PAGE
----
As I’m sure you’re curious, the San Francisco Chronicle today printed four articles by UC-Berkeley undergrads containing their thoughts and reflections on 9-11 (a connection to all here). Those looking for reassurance from current upperclassmen will not find it here. The letters offer a thoroughly hackneyed assortment of political musings. The first piece is somewhat baffling, and struggles to convey any point. The rest offer easy political tropes, which pass, it seems in some segments of the UC Berkeley population, for Profound Reflections.
We isolated ourselves:
They say that the attacks united Americans as never before, that despite our differences we came together. Perhaps that is true, but I also believe that the attacks dis-united us as well, with the outside world. Our neighbors became potential threats, friends became strangers. We cut ourselves off from anyone who didn’t carry the proper identification. We were warned to be suspicious of everyone. Pretty soon those bouquets lining our walls began to wilt, and were removed because they could be hiding a bomb. As we went to war, the flowers began to be replaced with protest signs. Our solution? Alas, bigger fences.
Next piece: The administration fooled us
: Delivered by means of a repellent undergrad anomie-as-political analogy argument.
I have found a way to link Sept. 11 and the war in Iraq. Before you ask, I don’t have the WMDs or al Qaeda training manuals or even Osama bin Laden’s ledger signature from a Greater Baghdad presidential palace. I do have a more distressing personal observation of American society five years after 2001: The isolation and disconnection I felt after the attacks are similar to the way U.S. society has, until recently, been insulated from the waging of war in Iraq.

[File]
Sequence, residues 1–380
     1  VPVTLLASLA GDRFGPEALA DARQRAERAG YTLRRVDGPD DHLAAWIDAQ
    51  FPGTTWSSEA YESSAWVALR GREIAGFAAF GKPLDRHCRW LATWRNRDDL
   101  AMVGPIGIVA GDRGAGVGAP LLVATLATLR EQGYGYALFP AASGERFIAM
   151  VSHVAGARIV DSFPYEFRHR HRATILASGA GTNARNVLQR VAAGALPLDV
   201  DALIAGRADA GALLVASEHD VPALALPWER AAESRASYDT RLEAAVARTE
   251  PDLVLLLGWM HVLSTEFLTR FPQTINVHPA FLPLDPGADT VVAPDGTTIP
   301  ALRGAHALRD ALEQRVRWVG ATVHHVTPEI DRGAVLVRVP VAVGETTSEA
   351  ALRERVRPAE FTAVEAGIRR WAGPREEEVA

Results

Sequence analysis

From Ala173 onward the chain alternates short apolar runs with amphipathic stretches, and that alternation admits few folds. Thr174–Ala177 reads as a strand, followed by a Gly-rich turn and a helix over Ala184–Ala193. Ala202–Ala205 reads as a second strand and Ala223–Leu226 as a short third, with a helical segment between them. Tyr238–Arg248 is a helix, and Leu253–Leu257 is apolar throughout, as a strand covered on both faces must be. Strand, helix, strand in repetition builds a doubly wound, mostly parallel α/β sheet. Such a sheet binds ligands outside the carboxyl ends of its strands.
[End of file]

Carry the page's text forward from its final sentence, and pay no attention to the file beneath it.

And finally Muslims have been villainized
The public’s constant exposure to violent images of Hamas, video recordings of Osama bin Laden and articles about Islamic terrorist plots has made people forget that Muslims have birthday parties, weddings, careers and families, just like other Americans. My relatives, with their memories of Poston and Manzanar, know where that leads.
The New York Times
recently ran a piece on the effects of 9-11 upon History instruction
.It noted that:
In vivid detail, professors recalled classes they taught immediately after the attacks — their students’ hunger to understand, their sense of 9/11 as a watershed in their lives, their sudden sense of vulnerability. In the days and months that followed, historians said, they found themselves using history to shed light on a baffling present.
Those students have clearly learned everything they need to know.